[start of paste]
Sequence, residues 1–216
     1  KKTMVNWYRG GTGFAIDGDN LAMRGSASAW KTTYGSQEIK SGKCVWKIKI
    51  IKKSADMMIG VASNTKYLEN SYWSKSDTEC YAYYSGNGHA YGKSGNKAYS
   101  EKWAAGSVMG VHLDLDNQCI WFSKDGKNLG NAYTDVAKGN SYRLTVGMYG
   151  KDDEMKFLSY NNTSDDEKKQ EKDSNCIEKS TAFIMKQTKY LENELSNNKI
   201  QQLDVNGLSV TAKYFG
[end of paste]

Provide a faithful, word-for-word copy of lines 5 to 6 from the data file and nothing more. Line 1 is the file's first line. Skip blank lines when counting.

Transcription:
   151  KDDEMKFLSY NNTSDDEKKQ EKDSNCIEKS TAFIMKQTKY LENELSNNKI
   201  QQLDVNGLSV TAKYFG